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Animal shelter founder given 15-year trusteeship ban by Charity Commission 

22 Mar 2022 News

The Charity Commission has given the founding trustee of an animal shelter that faced welfare concerns a 15-year ban, after an inquiry found serious misconduct. 

Sheila Stewart was one of the trustees at Capricorn Animal Rescue and Sanctuary (including Aston, Hawarden Animal Aid), which was based in North Wales. 

The Commission’s inquiry report, published yesterday, concludes that the charity had inappropriate financial procedures, which included Stewart writing cheques out to her son. The charity also failed to follow animal welfare legislation and the RSPCA was brought in to rehouse 140 animals.

After local media coverage raised concerns about the welfare of animals in the charity’s care, the Commission opened a compliance in 2016 and escalated it to an inquiry in 2017.

Stewart has been disqualified from being a trustee or senior manager for 15 years. The charity has closed and been removed from the register.

Amy Spiller, head of investigations at the Charity Commission, said: “The public was rightly concerned about the effectiveness of the charity and its ability to deliver on its charitable aims. Where a charity is inefficiently administered, it is right that it winds up and is removed from the register.

“The very real impacts of poor governance, ineffective financial controls and mismanagement are highlighted by this case. The failures of the trustees, including Sheila Stewart, to properly manage the charity, resulted in its closure and the rehoming of 140 animals in its care.” 

Financial issues

The Commission found that the charity had inappropriate banking and cash handling procedures.

The report also criticised trustees for renewing the lease on a charity shop, which increased the cost to the charity by more than the shop generated. This led to rent arrears and service charges. 

Furthermore, Stewart may have benefited from the charity by living in a house on the sanctuary’s premises with “inadequate” records of rent payments. 

The charity also failed to file its annual accounts with the Commission, and when accounts were compiled the regulator identified discrepancies between the accounts and the charity’s bank statements.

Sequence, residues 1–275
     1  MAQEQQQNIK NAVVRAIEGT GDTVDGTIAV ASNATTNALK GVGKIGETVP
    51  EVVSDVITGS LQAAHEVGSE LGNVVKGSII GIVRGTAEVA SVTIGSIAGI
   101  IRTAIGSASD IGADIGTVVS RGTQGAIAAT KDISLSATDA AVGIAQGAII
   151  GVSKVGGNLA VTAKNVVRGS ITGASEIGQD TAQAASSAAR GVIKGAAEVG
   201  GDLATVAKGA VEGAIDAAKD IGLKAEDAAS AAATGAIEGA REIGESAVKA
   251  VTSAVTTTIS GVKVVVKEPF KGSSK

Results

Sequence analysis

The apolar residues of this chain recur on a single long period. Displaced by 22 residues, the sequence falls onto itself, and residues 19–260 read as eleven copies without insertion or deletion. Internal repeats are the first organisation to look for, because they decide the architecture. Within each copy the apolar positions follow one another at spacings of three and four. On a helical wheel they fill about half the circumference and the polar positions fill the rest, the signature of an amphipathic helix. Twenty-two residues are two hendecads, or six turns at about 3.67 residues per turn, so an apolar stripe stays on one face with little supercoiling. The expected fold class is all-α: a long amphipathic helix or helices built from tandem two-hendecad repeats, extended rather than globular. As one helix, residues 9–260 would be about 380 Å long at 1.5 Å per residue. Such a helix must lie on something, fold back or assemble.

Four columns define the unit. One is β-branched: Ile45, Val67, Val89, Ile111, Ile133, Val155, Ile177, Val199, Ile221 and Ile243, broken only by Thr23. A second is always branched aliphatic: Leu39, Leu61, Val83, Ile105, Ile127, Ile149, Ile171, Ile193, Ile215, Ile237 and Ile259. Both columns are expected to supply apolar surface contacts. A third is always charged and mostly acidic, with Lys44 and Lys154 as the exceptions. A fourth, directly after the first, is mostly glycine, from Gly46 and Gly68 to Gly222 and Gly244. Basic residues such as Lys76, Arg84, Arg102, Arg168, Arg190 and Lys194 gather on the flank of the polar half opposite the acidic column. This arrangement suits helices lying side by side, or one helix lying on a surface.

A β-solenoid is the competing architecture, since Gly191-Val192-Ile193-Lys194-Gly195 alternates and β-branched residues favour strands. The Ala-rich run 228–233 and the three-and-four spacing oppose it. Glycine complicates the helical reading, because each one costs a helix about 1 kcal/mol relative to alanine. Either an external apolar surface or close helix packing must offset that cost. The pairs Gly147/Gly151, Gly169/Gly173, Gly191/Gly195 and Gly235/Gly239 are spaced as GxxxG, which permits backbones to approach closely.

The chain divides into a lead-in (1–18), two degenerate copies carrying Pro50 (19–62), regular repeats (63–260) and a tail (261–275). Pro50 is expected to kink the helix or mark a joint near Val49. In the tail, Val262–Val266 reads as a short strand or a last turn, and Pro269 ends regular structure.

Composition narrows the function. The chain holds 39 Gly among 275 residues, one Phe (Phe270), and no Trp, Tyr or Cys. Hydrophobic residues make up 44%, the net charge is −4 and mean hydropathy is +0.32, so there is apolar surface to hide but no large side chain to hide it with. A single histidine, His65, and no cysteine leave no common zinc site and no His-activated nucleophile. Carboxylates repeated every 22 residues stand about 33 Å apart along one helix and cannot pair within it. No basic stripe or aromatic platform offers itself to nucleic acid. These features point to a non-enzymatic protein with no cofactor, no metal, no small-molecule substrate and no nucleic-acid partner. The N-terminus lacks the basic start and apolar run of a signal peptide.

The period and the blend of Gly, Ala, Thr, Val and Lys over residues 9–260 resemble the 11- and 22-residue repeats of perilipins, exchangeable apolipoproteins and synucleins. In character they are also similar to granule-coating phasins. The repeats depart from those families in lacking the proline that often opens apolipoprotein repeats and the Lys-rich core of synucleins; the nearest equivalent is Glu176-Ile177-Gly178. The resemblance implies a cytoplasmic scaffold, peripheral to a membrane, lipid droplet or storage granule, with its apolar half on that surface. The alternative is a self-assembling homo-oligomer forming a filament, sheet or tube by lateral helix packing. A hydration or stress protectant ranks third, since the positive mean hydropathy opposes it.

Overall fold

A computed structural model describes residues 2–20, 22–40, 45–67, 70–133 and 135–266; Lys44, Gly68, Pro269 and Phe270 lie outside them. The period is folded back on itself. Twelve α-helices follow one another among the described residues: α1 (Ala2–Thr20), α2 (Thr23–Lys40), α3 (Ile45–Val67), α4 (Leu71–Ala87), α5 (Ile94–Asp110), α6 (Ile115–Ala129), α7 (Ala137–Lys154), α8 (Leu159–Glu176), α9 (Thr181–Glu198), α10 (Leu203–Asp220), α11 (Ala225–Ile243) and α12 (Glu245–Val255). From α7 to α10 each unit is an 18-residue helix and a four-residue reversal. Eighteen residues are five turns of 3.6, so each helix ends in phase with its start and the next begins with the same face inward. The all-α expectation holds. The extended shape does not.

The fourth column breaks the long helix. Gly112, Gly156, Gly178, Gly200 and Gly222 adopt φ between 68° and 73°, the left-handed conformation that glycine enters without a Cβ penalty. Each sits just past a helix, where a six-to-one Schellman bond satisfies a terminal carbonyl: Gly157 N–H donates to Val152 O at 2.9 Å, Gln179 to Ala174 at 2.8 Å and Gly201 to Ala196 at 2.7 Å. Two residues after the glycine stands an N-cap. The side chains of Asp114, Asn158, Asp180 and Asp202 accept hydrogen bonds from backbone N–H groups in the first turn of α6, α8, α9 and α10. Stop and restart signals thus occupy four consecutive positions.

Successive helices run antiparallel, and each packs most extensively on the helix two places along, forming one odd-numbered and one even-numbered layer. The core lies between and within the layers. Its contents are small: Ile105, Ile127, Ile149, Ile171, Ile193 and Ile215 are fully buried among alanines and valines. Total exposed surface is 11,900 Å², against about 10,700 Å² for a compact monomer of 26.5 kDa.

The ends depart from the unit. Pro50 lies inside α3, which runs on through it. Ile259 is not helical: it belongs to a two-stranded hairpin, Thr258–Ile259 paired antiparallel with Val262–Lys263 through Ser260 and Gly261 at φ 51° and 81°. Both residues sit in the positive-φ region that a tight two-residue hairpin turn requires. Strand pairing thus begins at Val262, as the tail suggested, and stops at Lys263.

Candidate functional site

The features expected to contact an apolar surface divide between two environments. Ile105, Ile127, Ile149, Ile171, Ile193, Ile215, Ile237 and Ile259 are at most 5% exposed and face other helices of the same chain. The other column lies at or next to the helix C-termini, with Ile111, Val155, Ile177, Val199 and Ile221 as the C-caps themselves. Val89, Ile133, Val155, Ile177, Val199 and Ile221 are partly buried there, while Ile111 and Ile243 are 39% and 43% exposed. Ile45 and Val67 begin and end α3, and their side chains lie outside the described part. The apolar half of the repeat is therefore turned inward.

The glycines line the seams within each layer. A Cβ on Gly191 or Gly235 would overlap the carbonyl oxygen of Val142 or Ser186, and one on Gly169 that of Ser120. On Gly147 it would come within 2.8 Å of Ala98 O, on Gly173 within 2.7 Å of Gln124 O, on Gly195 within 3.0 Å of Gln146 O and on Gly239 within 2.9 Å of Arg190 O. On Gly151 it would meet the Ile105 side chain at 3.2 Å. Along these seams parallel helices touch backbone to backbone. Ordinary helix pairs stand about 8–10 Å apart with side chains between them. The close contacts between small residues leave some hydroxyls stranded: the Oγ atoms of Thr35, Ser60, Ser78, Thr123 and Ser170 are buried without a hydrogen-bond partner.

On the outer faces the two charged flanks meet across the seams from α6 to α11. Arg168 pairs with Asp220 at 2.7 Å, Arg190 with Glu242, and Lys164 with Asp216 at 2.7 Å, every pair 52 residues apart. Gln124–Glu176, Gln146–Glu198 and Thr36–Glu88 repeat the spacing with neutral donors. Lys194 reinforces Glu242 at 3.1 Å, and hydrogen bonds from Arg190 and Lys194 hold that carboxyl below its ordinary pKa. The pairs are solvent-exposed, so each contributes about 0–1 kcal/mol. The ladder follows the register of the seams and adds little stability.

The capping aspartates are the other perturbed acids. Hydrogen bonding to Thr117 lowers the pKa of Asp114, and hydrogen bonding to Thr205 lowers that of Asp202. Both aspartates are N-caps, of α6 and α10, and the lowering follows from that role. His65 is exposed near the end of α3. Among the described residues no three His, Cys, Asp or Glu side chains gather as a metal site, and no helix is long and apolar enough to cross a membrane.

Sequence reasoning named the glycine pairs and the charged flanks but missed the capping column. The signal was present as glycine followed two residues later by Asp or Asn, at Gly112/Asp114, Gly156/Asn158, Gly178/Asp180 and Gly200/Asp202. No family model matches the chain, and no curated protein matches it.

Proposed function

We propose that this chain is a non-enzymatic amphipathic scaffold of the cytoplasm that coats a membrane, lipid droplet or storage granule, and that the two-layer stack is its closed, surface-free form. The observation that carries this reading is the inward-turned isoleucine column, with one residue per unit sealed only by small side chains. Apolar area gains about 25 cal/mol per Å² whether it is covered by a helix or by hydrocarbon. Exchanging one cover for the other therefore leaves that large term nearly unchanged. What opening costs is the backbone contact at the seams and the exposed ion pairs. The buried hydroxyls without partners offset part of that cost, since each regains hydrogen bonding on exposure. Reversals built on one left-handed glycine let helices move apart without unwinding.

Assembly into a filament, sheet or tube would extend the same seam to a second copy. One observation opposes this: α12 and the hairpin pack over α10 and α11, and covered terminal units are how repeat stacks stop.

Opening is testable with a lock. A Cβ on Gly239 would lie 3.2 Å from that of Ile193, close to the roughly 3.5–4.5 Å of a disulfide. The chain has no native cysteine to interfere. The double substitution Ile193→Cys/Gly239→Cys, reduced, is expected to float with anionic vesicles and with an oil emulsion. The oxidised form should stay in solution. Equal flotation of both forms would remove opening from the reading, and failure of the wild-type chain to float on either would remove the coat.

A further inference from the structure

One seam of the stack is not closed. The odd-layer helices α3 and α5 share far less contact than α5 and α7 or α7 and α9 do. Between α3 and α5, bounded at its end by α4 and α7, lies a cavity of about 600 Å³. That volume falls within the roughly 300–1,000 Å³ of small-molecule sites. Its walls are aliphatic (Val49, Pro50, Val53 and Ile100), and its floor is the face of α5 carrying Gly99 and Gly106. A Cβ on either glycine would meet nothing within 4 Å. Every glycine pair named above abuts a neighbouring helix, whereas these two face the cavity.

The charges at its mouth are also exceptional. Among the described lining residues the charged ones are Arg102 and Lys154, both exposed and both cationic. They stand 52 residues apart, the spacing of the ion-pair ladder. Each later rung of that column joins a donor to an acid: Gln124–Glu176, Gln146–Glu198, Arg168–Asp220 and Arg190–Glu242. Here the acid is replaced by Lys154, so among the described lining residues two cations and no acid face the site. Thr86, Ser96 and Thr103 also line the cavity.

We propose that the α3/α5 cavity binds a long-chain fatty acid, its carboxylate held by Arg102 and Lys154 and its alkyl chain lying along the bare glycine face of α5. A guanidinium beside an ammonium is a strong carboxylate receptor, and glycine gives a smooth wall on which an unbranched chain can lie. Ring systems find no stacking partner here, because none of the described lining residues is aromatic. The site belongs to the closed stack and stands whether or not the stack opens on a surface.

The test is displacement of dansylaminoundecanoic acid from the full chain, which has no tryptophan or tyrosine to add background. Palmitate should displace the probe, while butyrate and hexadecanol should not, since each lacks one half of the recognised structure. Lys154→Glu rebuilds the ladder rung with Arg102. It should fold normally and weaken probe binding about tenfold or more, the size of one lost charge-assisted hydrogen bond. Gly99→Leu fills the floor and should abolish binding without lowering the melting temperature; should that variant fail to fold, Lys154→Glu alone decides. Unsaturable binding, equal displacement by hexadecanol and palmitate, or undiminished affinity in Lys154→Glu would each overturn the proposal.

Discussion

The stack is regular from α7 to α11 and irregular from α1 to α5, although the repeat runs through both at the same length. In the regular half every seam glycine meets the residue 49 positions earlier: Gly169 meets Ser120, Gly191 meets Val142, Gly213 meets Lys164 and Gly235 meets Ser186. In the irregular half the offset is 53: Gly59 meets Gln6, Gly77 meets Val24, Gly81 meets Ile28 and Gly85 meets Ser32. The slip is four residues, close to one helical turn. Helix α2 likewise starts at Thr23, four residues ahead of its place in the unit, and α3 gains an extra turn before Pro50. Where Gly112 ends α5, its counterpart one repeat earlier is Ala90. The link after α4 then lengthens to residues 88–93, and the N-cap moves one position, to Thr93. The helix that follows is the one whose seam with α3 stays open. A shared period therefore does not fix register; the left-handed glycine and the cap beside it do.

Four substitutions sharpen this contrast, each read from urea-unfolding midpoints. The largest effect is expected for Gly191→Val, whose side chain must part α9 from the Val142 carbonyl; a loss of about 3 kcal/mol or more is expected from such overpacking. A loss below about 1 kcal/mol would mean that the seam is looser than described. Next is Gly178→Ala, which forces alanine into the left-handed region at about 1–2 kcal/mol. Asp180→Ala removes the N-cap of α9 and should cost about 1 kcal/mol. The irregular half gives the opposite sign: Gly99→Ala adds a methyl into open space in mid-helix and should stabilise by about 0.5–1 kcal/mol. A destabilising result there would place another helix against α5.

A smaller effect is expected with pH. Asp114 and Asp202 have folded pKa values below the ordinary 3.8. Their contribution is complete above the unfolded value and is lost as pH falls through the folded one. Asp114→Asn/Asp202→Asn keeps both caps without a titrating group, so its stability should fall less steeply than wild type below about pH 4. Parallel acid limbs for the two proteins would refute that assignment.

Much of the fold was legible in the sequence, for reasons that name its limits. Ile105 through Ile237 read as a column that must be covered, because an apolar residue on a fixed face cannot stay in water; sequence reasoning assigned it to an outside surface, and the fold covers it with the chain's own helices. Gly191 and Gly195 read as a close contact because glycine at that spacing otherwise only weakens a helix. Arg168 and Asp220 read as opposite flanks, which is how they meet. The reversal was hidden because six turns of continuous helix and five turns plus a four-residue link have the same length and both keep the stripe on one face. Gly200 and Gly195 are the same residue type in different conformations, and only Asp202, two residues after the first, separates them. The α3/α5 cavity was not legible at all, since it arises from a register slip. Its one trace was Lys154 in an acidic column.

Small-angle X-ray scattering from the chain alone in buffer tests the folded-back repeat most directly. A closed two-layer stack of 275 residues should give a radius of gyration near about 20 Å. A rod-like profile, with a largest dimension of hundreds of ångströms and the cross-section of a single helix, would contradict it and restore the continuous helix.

For over three years the charity underreported the amount of income it had by over £50,000. 

“This misleading statement of the charity’s financial position by the trustees at the relevant times is a further failure to properly account for the charity’s funds,” the inquiry report says. 

Founder was a ‘driving force’ 

The Commission describes Stewart, who was a founding trustee of the charity, as “the driving force behind the charity throughout the period it was active until her resignation on 2 September 2018”. 

Although there were several other trustees, the Commission said that there were “infrequent meetings” and that Stewart’s minutes were “not subsequently provided to the trustees, despite specific requests for the minutes to be distributed”. 

Former trustees also told the Commission that Stewart had not provided them with key information and refused to address concerns raised by other trustees. 

The Commission noted the high trustee turnover, with 18 different trustees between 2015 and 2018.

Interim manager appointed 

In 2018, the Commission made Guy Hollander, a chartered accountant and insolvency practitioner, interim manager (IM). 

He concluded that the charity needed to close. Once the animals were rehoused, he focused on winding down the charity. 

The total cost of appointing an interim manager was £119,152 plus VAT. 

Hollander's fee for the work was £90,510, and disbursements were £28,642. The Commission contributed £35,000 to the IM’s fee and the balance was met from the charity’s funds.

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